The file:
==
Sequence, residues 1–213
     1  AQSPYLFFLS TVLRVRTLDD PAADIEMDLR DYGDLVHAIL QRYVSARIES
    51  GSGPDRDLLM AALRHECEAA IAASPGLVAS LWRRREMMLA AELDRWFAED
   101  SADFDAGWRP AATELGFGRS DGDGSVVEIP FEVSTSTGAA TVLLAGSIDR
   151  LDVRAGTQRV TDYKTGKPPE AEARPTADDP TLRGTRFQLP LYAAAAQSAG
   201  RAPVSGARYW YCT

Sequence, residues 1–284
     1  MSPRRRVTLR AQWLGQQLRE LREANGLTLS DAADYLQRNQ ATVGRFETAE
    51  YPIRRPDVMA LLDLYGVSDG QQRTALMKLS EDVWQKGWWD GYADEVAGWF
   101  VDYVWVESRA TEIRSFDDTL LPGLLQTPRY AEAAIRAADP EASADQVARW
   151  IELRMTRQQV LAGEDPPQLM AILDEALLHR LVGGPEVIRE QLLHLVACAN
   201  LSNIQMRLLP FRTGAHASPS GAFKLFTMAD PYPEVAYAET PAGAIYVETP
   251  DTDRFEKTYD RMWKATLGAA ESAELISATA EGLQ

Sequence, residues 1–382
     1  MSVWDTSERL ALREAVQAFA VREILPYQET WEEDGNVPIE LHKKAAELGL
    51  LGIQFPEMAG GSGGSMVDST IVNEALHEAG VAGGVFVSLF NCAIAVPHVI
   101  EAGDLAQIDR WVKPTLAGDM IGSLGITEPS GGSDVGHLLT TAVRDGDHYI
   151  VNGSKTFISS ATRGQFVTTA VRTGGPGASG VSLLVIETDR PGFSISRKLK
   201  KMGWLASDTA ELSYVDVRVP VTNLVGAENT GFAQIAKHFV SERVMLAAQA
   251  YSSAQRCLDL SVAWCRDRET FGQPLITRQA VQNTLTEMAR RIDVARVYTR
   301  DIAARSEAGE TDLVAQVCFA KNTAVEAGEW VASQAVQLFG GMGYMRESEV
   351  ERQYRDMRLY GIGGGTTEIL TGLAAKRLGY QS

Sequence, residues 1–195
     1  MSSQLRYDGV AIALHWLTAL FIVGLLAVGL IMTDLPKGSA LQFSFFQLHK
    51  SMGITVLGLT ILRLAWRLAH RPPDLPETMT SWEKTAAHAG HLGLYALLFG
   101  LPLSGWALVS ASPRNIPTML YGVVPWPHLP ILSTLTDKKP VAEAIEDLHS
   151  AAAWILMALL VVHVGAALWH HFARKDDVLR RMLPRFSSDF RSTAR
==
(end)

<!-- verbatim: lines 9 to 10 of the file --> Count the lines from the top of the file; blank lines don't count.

    51  YPIRRPDVMA LLDLYGVSDG QQRTALMKLS EDVWQKGWWD GYADEVAGWF
   101  VDYVWVESRA TEIRSFDDTL LPGLLQTPRY AEAAIRAADP EASADQVARW